In 1992, as Ibrahim Babangida toyed with the transition to civil rule, Olusegun Obasanjo penned a letter, called the media and sent a copy to the Head of State. “In the name of political engineering, the country has been to a political laboratory for trying out all kinds of silly experiments and gimmicks,” Obasanjo wrote. “Principle has been abandoned for expediency.” The letter didn’t change the world (June 12 and Abacha went on to happen), but Obasanjo has not stopped writing. After he left Aso Rock in 2007, he continued to send more letters to his successors. Goodluck Jonathan received a bunch, one of which was an 18-paged verbiage detailing the numerous ways in which Jonathan had failed the country. Current president, Muhammdu Buhari is still receiving them, including one where he tried to discourage his fellow General from seeking re-election.
His latest one is about insecurity.
Since independence, Nigeria has hopped from one security crisis to another – from the Western political crisis in 1964 to the coup and counter-coup of the late 1960s to the subsequent Civil War to the religious and ethnic motivated violence in the North, to militancy in the South-South. Now there is Boko Haram, worsened by a rising surge of kidnappings and armed banditry across the country.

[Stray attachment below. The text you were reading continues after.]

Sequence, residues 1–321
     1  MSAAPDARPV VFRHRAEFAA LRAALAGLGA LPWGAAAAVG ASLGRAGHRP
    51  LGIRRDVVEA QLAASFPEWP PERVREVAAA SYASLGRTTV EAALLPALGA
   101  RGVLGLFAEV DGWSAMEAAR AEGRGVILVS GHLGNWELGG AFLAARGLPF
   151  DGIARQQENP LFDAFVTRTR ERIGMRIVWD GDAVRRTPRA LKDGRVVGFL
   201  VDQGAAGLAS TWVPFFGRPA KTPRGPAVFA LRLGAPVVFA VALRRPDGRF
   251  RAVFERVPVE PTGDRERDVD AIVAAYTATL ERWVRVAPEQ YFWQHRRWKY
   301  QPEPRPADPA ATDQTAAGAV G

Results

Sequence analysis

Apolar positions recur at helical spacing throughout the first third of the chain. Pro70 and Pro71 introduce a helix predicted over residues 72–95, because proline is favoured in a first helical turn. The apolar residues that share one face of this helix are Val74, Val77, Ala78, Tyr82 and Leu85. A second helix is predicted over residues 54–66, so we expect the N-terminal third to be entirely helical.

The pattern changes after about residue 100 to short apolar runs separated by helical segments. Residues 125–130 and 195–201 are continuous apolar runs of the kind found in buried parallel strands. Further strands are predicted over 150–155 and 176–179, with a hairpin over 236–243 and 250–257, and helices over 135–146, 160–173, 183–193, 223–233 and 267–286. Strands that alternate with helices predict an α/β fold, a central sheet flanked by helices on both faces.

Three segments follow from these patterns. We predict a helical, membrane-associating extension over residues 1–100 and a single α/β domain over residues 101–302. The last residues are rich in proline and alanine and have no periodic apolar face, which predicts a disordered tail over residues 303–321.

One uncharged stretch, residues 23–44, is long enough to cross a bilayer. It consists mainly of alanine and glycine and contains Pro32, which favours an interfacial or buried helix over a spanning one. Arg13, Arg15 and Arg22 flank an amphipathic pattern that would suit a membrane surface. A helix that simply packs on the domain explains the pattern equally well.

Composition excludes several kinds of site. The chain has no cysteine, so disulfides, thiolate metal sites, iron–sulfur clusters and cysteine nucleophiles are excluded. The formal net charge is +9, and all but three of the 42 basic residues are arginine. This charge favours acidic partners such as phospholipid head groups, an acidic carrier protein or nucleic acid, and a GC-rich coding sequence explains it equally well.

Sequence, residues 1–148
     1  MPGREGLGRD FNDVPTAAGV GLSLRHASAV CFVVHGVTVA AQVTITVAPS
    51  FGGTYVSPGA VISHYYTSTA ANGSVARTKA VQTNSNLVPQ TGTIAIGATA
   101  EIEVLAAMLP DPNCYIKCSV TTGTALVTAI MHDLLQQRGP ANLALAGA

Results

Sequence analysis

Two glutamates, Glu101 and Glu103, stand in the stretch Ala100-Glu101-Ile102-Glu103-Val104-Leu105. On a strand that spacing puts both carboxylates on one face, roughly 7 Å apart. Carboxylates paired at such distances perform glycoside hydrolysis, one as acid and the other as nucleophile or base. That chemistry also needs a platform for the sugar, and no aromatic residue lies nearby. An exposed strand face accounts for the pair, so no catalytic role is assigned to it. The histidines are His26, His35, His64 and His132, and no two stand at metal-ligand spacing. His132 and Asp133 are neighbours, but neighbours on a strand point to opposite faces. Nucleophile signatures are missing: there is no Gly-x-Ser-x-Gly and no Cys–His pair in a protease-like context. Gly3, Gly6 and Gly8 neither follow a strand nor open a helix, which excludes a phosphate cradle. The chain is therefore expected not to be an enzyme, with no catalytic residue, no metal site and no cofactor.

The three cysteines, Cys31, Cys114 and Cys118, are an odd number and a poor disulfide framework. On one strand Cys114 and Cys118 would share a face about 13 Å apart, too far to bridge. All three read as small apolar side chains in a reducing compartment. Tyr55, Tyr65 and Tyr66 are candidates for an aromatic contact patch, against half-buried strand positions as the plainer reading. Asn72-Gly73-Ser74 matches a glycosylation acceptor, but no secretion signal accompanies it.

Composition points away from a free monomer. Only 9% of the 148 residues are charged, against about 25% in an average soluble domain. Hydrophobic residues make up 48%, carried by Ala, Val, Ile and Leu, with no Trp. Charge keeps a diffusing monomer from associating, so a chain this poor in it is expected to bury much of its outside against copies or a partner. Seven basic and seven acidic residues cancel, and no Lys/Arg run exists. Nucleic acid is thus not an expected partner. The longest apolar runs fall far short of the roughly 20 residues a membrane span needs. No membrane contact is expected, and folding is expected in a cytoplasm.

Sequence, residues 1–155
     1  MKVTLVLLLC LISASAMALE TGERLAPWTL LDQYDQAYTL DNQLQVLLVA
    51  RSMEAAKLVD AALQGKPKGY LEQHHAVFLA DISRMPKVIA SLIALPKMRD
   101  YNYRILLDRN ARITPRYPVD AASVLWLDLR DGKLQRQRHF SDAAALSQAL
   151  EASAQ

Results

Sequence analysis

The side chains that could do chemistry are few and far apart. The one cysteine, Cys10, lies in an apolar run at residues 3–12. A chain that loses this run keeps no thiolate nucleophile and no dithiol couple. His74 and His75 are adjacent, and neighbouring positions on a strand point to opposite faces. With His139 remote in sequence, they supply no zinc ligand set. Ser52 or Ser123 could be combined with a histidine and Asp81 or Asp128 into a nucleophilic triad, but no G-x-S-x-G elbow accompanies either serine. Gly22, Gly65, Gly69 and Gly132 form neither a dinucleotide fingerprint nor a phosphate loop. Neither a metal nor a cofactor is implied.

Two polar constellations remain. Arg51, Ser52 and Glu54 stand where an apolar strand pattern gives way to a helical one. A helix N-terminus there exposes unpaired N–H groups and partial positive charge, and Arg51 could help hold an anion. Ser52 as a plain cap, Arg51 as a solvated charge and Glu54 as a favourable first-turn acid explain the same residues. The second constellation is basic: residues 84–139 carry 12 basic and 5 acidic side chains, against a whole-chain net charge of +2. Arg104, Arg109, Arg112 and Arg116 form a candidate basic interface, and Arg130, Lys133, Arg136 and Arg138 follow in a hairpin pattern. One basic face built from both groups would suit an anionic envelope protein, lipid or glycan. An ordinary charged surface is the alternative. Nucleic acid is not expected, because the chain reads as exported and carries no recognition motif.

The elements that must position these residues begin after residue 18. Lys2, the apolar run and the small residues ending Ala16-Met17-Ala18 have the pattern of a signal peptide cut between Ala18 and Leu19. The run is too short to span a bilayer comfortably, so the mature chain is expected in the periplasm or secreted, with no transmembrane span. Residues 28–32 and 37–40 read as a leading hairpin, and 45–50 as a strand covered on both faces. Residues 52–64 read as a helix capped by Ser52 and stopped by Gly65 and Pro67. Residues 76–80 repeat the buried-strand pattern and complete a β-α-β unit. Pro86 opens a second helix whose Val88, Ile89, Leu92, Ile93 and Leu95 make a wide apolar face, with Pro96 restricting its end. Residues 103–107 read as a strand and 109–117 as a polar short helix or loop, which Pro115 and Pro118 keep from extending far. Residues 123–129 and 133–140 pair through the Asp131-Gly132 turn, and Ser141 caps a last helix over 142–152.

But what is essentially different with the Buhari administration is the growing mistrust among Nigerians against it, especially among non-Fulanis. There is almost a consensus, even if not entirely backed by empirical evidence, that the current wave of violence in the country is being perpetuated by Fulani herdsmen whose endgame is to colonise the entire country. This is Obasanjo’s concern.
In an interview with Dr. Pauline Baker at the United States Institute of Peace (USIP) in July 2015, Buhari unequivocally stated that the benefits of his governance will be focused mainly on the parts of the country where he received 97 percent of votes rather than those who gave him five percent. He described his decision as the “political reality”. The inference was that the South-South and South-East, which had voted for the incumbent, Goodluck Jonathan, would get the shorter end of the stick. For a country with old cracks on her walls, this was the beginning of a series of poor political leadership. Buhari’s political insensitivity has brought us to what Obasanjo now sees as a “tipping point.” Although Nigeria’s ship has been tipping long before Buhari became its captain, he has accelerated the rate of the impending collapse.
The Nigerian Constitution requires a sitting president to spread the appointment of his cabinet members across the 36 states but it makes no such requirements regarding appointment of security chiefs and heads of various federal agencies. Under Buhari, security chiefs have mostly come from the north, a phenomenon which Obasanjo has criticised in the past. There have been grumblings from different quarters about such a thing as a “Fulanization/Islamization agenda” being sanctioned by the President (Buhari is Fulani). Even if this theory is laughable or conspiratorial the President’s posture regarding the increasing spate of killings, banditry and kidnappings is worrisome.